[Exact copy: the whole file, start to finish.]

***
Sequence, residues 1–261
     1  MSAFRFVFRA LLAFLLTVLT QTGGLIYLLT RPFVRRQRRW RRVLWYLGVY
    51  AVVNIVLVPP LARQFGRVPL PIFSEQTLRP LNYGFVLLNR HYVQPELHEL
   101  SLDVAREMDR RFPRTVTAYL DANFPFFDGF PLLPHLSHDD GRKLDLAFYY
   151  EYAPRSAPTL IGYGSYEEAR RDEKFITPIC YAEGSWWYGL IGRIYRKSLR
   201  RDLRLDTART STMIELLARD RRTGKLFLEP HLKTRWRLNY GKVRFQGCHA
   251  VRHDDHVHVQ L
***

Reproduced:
Sequence, residues 1–261
     1  MSAFRFVFRA LLAFLLTVLT QTGGLIYLLT RPFVRRQRRW RRVLWYLGVY
    51  AVVNIVLVPP LARQFGRVPL PIFSEQTLRP LNYGFVLLNR HYVQPELHEL
   101  SLDVAREMDR RFPRTVTAYL DANFPFFDGF PLLPHLSHDD GRKLDLAFYY
   151  EYAPRSAPTL IGYGSYEEAR RDEKFITPIC YAEGSWWYGL IGRIYRKSLR
   201  RDLRLDTART STMIELLARD RRTGKLFLEP HLKTRWRLNY GKVRFQGCHA
   251  VRHDDHVHVQ L